Tennessee Sues Painkiller Suppliers

The attorney general for Tennessee has announced an incoming lawsuit against AmerisourceBergen, which alleges that the company has been irresponsibly distributing its pharmaceutics. The lawsuit comes in light of a mushrooming opioid crisis spreading across the States, which didn’t prevent the wholesale distributor from dispensing painkillers in large quantities.

The state is asking for damages, but it still hasn’t specified a definite number. The suit will also attempt to bar AmerisourceBergen from dispatching prescription drugs within Tennessee.

This company is but one of several currently dealing with lawsuits. The worrying increase of opioid abuse has led to many states pursuing litigious means of reprimanding various pharmaceutical businesses. The one in question, AmerisourceBergen, has been delivering drugs like Opana and Oxycontin to Tennessee despite rising overdose numbers in the state. Increases of street sellers over the years have also failed to deter the company from conducting its affairs.

Attorney General’s Accusations

opioid abuse

Attorney General Herbert Slatery III publically lamented the concerning trend of opioid abuse in Tennessee. He found the scale of harm the crisis has caused difficult to place into words. Meanwhile, he blasted the aforementioned pharmaceutical distributor for profiting on the back of the pandemic.

Between 2006 and 2012, AmerisourceBergen approved the shipping of an excess of 8.55 million oxycodone pills to Food City, a Bearden pharmacy which counts among the busiest in the U.S. Even worse, the distributor dispatched upward of 168,000 pills to the same pharmacy. That number almost equaled Knockville’s entire population at that time.

Slatery accused AmerisourceBergen of leveraging its considerable market influence to drive profits. He condemned them of perpetually ignoring continuous Drug Enforcement Administration investigations, disproportionate purchases, supplying medically questionable drugs, and reports of patients selling the drugs they supposedly bought for themselves.

The First Lawsuit Against a Supplier

This is Slatery’s third lawsuit of its kind in Knox County. Oxycontin manufacturer Purdue Pharma also underwent such a trial in 2018. That company faced charges of underplaying the addictive nature of their product while marketing it to Knox County residents. They labeled their drug as being “hope in a bottle.” Endo Pharmaceuticals was the second pharmaceutics company sued, also on account of glossing over their drug’s addictiveness.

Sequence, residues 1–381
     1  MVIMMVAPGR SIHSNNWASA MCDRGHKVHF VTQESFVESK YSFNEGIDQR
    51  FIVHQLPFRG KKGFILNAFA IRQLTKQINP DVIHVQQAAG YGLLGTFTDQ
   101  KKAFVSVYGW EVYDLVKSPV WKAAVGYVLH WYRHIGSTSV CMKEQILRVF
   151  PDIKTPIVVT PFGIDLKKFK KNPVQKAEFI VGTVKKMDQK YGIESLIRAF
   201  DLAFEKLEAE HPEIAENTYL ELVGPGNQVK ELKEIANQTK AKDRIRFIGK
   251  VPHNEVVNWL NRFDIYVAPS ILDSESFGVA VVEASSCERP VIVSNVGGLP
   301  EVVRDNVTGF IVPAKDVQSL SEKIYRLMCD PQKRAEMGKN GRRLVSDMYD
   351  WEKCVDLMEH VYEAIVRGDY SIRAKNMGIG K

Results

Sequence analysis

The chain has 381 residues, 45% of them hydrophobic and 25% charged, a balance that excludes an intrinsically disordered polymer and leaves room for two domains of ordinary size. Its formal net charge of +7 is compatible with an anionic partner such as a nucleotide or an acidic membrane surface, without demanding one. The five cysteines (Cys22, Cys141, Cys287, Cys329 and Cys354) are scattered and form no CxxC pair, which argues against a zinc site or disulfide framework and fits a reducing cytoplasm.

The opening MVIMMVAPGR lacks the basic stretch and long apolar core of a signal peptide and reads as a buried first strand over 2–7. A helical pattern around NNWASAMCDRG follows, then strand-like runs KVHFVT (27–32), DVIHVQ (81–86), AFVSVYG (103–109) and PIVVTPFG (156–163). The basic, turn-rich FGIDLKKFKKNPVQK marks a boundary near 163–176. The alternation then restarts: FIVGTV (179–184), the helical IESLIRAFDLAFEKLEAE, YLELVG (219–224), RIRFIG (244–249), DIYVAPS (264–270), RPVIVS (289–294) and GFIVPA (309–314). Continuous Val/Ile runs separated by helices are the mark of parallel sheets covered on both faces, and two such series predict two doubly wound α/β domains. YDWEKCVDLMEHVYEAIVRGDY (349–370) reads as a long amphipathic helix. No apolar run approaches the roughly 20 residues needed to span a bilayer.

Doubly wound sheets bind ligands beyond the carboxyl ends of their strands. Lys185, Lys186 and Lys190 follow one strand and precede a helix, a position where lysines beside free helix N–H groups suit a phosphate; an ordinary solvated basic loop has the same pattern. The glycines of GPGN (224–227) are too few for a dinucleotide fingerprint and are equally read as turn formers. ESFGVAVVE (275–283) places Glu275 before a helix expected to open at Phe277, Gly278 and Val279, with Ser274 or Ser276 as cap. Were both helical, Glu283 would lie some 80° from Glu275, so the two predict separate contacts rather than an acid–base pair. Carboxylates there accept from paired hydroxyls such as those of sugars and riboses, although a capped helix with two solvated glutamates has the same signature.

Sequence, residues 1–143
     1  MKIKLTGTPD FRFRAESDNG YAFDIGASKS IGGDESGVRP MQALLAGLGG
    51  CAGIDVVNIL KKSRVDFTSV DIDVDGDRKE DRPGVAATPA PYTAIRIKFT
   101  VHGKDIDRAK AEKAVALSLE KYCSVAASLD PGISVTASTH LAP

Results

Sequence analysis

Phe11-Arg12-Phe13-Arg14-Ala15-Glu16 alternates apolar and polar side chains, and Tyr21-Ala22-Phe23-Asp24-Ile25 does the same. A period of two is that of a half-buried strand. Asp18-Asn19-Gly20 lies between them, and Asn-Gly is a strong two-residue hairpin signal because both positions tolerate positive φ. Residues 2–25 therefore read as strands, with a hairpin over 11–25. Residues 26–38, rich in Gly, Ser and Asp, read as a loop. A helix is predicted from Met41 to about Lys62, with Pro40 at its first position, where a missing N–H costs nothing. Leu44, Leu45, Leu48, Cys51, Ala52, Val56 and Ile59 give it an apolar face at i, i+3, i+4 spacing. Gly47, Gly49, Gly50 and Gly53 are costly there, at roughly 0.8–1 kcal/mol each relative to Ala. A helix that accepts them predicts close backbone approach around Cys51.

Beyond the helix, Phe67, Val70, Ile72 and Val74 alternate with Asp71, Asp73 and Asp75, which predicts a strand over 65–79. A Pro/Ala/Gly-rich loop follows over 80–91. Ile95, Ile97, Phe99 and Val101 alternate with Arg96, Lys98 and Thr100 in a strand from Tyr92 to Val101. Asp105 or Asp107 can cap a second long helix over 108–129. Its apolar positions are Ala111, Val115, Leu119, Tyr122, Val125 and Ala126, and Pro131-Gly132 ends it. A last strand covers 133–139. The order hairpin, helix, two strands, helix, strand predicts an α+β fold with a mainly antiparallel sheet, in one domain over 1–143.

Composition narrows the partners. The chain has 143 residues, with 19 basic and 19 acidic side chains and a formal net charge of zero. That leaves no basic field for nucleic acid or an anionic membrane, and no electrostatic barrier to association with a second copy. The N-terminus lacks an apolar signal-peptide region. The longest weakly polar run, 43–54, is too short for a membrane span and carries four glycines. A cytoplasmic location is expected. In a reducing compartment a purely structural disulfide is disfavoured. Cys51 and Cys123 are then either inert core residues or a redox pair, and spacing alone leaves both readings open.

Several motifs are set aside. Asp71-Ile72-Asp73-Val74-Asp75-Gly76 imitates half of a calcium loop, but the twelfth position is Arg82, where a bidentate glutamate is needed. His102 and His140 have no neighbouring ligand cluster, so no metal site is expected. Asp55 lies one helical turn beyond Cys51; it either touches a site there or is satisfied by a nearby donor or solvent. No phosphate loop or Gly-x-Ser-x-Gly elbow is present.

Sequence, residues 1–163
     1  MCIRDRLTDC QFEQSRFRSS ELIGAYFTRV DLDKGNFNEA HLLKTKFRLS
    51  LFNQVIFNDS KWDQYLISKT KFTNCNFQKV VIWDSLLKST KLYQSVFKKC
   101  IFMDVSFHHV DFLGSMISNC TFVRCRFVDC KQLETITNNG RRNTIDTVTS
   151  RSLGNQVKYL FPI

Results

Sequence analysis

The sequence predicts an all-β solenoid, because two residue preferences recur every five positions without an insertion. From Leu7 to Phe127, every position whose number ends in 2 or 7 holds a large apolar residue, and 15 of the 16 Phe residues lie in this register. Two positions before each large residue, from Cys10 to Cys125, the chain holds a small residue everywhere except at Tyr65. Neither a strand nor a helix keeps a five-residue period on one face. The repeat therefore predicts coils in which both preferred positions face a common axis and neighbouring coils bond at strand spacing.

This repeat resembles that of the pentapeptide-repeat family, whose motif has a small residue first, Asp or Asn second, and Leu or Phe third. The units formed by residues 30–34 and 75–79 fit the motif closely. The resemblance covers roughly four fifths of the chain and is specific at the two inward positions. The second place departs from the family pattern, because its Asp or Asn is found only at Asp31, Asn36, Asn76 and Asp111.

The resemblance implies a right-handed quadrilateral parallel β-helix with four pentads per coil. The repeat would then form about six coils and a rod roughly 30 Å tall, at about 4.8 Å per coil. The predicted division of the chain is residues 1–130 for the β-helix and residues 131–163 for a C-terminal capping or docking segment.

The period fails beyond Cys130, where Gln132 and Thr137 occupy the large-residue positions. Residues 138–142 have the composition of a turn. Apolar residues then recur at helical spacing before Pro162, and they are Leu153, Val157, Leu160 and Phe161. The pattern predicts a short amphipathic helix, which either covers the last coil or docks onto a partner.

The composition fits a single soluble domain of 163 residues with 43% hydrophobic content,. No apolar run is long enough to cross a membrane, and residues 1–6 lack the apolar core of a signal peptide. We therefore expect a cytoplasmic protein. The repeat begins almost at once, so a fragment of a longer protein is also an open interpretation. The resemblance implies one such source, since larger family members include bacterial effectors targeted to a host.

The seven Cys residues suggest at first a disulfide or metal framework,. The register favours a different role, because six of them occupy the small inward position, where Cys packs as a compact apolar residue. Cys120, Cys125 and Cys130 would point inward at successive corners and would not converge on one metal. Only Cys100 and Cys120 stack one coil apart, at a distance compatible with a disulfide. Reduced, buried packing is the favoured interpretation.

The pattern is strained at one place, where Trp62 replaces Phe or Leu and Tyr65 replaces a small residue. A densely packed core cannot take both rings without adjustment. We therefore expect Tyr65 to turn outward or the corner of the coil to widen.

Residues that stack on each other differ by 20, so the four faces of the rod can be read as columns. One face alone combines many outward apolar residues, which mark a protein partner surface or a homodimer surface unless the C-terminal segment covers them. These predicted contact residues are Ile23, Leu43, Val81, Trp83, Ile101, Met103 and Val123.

However, the current lawsuit stands out for being the only one directed at a supplier, rather than a manufacturer. A Virginia and Tennessee hospital coalition attempted a similar legal action last year. But since the Tennessee Court of Appeals permitted the suing of pharmaceutical providers for irresponsible market flooding, the current complaint should carry more weight.

This lawsuit bore a temporary seal. Slatery stated that the reason behind this was that AmerisourceBergen had claimed that the suit held proprietary information. Should the company not pursue further withholding of the document, the seal will expire in nine days. Slatery highlighted his intent to make the document publicly available to display this company’s wrongdoings.

Soon after the drugs’ release into the market, addicts discovered that crushing the pills and injecting them provided an immediate high. That would also often result in overdosing, turning the drugs, originally designed to aid the injured and dying, into a nation-wide health hazard. Their casualty numbers now outnumber those of car crashes in Tennessee.

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